Q&A: Can you explain Matthew 26:39?

Can you explain Matthew 26:39?

Question

It seems to me that Jesus desired evil in Gethsemane. I base my positon on the following three points:

  1. Jesus did not want to go to the cross (Matt. 26:39).
  2. It was God the Father's will that Jesus go to the cross (Matt. 26:42).
  3. Jesus, in his temptation (Heb. 4:15), did not want to fulfill the Father's will, and in this way he desired evil.
Do you think I am wrong?

Answer

I think your treatment of Jesus' desire is too simplistic. Jesus was determined to submit entirely to the Father's will ("as you will"). His prayer may be interpreted from different perspectives, each of which is consistent with his sinlessness.

Changing God's Mind

For example, on the surface his prayer appears to be a request that the Father change his mind, no longer requiring the crucifixion. It is not evil to want God to change his mind.

The ultimate standard for morality is not God's expressed will but his character. His expressed will is a valid standard for morality, but only as it is understood as a reflection of his character. God's words must be interpreted in order to reveal his will. We cannot simply take them at face value and assume that we have understood them. For instance, "Thou shalt not kill" is rightly understood to mean "Thou shalt not murder," and not as a prohibition against all taking of life. After all, God commanded many killings.

Also, it is within God's character to change his expressed will (e.g., Exod. 32:14; Amos 7:3,6). It is evil to disobey his expressed will, rightly understood, but it is not evil to obey it while at the same time asking him to change it. Similarly, while it is necessarily evil to desire something contrary to God's character, it is not necessarily evil to desire God to change his mind.

Your argument assumes but does not prove that Jesus' desire that God change his mind was evil. But since it is within God's character to change his mind, not all desires that God change his mind are sinful.

Complex Desires

In some sense, Jesus did not want to be punished, and this was in accordance with God's character. We are not supposed to desire to have sin imputed to us and to suffer in hell. It is not sinful to want to be saved. Or to put it another way, it is not sinful to want to be blessed by God instead of cursed by God. In fact, God wants and commands us to seek his blessings and to avoid his curses, so that Jesus' desire to avoid the curse of sin was also in accordance with God's will.

In another sense, Jesus did want to be punished. And this, too, was in accordance with both God's will and God's character. It was in accordance with God's desire because God is our savior, because he is merciful to us, and because he requires justice. It was in accordance with his will because he assigned Jesus the task of dying to atone for sin. Jesus did not want to avoid punishment unless it was "possible," that is, unless there were some other way to accomplish the atonement.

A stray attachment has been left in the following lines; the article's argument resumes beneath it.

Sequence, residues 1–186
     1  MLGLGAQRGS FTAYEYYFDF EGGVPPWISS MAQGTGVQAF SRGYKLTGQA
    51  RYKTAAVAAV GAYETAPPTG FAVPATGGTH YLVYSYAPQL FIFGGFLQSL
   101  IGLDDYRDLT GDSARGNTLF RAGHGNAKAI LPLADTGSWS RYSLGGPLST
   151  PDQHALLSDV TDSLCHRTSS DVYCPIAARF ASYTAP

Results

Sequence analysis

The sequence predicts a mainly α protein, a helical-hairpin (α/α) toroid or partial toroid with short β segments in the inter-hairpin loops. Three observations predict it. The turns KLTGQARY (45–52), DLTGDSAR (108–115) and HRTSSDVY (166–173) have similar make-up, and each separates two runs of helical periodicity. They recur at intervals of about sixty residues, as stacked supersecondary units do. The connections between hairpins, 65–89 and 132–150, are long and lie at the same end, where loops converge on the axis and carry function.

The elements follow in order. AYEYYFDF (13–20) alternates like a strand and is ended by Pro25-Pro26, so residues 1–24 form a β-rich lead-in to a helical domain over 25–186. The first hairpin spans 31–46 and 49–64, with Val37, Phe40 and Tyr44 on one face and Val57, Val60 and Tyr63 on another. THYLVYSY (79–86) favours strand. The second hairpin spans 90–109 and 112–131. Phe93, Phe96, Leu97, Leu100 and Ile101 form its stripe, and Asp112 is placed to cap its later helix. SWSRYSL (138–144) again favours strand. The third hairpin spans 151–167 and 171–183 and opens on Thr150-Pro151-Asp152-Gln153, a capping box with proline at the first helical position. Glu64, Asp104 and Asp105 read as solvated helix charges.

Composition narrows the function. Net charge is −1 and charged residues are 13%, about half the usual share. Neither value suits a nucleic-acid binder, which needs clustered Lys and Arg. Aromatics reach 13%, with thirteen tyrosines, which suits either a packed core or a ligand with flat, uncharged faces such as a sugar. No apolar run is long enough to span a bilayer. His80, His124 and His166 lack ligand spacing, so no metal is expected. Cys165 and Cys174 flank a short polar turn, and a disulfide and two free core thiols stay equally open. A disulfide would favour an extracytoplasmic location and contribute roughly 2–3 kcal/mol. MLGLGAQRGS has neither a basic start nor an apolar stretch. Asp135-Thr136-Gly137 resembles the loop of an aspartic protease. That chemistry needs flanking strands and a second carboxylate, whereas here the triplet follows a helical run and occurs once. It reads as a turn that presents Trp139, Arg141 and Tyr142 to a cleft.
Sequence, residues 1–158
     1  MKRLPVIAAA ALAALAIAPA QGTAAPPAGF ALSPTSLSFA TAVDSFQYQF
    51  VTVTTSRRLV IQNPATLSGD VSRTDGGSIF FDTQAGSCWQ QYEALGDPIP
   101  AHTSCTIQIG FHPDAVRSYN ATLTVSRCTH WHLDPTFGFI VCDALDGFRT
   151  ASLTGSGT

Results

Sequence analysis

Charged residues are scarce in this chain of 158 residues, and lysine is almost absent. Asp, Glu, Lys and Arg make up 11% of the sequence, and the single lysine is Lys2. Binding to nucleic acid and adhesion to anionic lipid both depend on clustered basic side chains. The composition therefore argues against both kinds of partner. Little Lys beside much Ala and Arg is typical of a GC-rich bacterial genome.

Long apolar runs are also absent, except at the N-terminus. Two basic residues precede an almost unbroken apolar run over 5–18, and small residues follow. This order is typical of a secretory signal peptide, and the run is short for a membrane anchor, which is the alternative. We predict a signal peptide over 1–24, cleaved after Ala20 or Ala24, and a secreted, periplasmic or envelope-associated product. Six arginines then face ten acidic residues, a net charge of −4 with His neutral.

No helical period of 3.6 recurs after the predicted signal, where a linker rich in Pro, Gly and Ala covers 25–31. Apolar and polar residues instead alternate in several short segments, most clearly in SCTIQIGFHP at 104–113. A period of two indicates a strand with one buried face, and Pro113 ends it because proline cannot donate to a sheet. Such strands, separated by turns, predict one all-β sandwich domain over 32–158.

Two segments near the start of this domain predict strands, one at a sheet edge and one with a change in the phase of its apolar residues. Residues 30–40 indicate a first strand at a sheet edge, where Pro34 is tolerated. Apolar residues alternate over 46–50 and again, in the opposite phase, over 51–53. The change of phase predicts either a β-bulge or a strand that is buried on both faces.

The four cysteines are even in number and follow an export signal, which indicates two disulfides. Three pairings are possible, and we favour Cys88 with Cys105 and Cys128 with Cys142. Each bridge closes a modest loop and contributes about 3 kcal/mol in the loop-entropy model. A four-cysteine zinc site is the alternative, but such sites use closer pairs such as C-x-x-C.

So, in wanting to avoid punishment but also determining to atone, Jesus was in perfect accordance with both the Father's will and the Father's character. Your argument confuses these senses of Jesus' will, assuming that his desire to avoid punishment was equivalent to a desire not to atone for us. It is not subtle enough to deal with Jesus' complex desires, and as a result it ends up equivocating on the definition of "want."

Meaning as Use

There is also another way to understand Jesus' prayer, one that avoids these issues. Specifically, Jesus may not have been expressing an actual request to God, and he may not have been expressing his actual desires. Instead, he may simply have been saying, "I'm scared."

Words convey meaning according to their use, and the way Jesus used his prayer was to express his fear. That is, by saying, "Not as I will, but as you will," he may well have meant, "Nevermind."

Jesus was human, and burdened with the foreboding task of bearing our sin. This was a terrifying prospect. When he prayed, he expressed his knowledge of what God had planned (God's will) and why God had planned it (God's character). He also expressed his determination to carry out the Father's plans, wanting God to change his mind only if he could find another way to accomplish the atonement ("if it is possible"). But if Jesus knew there was no other way, then taken as a whole, his prayer does not request anything at all. It simply expresses the anxiety he felt as he stood at the threshold of carrying out the Father's plan. It is not sinful to say "I'm scared."

Answer by Ra McLaughlin

Ra McLaughlin is Vice President of Finance and Administration at Third Millennium Ministries.